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DISPLAY Environment Variable

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Old 06-30-2010
cjhancock cjhancock is offline
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DISPLAY Environment Variable

I've seen articles which say "export DISPLAY=<IP>:0" and others which say "export DISPLAY=<IP>:0.0". Can someone explain what the difference is?

TIA
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Old 06-30-2010
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fpmurphy fpmurphy is offline Forum Staff  
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From a X(7) man page:

Quote:
From the user's perspective, every X server has a display name of the form:

hostname:displaynumber.screennumber

This information is used by the application to determine how it should connect to the server and which screen it should use by default (on displays with multiple monitors):

hostname
The hostname specifies the name of the machine to which the display is physically connected. If the hostname is not given, the most efficient way of communicating to a server on the same machine will be used.
displaynumber
The phrase "display" is usually used to refer to collection of monitors that share a common keyboard and pointer (mouse, tablet, etc.). Most workstations tend to only have one keyboard, and therefore, only one display. Larger, multi-user systems, however, frequently have several displays so that more than one person can be doing graphics work at once. To avoid confusion, each display on a machine is assigned a display number (beginning at 0) when the X server for that display is started. The display number must always be given in a display name.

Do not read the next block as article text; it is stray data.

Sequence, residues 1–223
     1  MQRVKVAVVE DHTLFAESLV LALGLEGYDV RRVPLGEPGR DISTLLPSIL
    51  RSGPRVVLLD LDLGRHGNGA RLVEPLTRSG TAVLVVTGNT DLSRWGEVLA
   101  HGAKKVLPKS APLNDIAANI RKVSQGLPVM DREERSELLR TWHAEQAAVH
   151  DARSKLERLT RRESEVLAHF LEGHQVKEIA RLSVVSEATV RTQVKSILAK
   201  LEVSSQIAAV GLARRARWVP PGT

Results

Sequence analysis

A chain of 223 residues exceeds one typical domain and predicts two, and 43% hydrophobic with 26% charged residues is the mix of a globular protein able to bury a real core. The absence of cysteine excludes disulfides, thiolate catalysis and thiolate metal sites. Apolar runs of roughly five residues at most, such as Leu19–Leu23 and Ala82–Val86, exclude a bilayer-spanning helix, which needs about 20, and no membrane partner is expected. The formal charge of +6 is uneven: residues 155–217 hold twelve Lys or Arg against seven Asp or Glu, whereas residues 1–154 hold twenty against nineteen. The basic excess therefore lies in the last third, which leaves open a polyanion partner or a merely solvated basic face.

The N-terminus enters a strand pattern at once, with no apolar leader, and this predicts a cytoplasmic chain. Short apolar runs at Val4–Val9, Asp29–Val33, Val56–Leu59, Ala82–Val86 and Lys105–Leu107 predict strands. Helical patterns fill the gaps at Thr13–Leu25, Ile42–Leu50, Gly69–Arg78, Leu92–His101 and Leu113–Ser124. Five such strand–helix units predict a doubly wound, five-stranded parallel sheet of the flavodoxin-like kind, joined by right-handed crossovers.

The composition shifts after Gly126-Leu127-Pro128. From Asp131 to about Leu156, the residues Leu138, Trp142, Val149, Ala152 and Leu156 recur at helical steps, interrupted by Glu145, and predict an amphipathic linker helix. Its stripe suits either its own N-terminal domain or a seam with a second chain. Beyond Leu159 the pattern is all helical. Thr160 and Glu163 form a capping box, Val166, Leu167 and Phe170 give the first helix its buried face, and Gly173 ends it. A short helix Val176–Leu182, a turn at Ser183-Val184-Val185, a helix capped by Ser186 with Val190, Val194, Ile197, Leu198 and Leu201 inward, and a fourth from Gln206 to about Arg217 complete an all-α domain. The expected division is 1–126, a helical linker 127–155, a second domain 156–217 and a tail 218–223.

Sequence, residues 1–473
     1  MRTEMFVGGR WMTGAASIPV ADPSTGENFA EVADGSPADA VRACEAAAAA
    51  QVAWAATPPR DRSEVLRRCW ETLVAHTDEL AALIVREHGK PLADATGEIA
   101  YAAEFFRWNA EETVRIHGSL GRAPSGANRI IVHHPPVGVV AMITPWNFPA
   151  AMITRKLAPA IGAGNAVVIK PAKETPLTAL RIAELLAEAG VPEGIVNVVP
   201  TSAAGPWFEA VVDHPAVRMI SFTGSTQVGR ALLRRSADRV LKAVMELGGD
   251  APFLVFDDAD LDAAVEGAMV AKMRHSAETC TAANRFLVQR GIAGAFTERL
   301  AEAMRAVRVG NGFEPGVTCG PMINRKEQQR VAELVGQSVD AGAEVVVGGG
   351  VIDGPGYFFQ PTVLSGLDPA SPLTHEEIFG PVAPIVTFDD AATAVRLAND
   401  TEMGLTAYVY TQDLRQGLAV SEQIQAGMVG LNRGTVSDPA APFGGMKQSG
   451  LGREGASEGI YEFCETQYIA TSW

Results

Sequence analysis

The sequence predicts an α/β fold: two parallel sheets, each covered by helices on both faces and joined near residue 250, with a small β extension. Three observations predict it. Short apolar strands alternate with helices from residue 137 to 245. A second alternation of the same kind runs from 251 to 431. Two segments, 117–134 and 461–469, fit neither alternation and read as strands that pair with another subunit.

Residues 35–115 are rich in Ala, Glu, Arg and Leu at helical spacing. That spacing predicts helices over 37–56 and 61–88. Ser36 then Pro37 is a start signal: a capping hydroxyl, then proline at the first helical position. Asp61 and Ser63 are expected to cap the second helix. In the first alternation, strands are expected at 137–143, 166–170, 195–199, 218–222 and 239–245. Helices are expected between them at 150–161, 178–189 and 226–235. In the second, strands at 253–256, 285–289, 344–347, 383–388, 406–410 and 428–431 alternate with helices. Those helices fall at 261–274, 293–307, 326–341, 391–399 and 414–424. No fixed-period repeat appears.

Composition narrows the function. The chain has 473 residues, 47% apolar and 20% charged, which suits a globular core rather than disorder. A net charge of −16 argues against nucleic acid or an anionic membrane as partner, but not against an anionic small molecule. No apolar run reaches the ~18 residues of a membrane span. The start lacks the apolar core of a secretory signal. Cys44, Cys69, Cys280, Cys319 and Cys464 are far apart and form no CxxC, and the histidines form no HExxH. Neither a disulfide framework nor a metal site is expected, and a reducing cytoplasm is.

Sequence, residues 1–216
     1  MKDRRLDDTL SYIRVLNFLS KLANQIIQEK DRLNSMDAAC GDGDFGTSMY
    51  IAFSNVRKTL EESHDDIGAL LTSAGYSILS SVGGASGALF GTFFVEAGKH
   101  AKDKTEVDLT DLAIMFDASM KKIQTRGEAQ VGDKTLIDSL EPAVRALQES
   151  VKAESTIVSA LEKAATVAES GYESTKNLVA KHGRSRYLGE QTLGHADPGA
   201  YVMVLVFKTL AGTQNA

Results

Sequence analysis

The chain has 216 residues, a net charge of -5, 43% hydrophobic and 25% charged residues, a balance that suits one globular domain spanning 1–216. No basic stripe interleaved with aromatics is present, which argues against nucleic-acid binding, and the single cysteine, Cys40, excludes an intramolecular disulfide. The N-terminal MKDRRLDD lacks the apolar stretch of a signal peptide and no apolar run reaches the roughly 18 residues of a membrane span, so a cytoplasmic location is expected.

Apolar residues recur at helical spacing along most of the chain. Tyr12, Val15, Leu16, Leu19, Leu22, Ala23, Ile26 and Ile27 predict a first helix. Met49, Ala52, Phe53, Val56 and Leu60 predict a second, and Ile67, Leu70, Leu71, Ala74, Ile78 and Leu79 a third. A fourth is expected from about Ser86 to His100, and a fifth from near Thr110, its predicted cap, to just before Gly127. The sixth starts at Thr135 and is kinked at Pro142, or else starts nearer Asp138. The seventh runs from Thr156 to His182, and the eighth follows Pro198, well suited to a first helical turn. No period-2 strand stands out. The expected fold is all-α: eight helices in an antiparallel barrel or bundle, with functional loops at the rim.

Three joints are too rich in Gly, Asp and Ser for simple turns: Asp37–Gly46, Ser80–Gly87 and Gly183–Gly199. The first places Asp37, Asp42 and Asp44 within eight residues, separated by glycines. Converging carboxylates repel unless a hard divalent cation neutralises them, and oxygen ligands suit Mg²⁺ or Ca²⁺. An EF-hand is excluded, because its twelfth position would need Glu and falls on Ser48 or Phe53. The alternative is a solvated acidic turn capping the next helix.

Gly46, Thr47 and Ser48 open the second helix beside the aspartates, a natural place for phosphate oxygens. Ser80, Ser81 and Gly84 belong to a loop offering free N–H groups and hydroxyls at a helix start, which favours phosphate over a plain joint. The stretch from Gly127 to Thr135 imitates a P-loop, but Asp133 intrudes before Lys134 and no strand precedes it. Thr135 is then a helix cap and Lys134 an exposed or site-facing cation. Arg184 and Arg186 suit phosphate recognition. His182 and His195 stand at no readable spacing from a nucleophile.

screennumber
Some displays share a single keyboard and pointer among two or more monitors. Since each monitor has its own set of windows, each screen is assigned a screen number (beginning at 0) when the X server for that display is started. If the screen number is not given, screen 0 will be used.
Note that an IP address can be used instead of a hostname.
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Old 06-30-2010
mewbie mewbie is offline
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Hope it's ok to join in on an environment variable question-
How to view what environment variables users have set up?
env bob doesn't work, cd'ing to their home dir and running the cmd doesn't work either.
( I know to see my own it's: env)
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Old 06-30-2010
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kduffin kduffin is offline Forum Advisor  
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If you have root rights, you can simply su - to the user and run env. Alternatively, you could just source their respective .chsrc, .bashrc etc. ( . /path/to/user/.bashrc) and then check the environment differences are. What's the purpose of your particular investigation?

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Keith
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Old 07-01-2010
mewbie mewbie is offline
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Thank you for the reply kduffin
That works great- with the exception that the next time the user logs in they will see 'Last login' as my IP - not their own and their .bash_history will contain cmds I executed.
It is also quiet a few steps to yield the results of 'env' for all users.
Is there another method to view one or all users env variables?
For example to view if any users have messed around with their history? such as 'unset HISTFILE'.
I know how to prevent them from altering it, I just want to know if they have .

Last edited by mewbie; 07-01-2010 at 02:09 AM.. Reason: spelling/grammar :p
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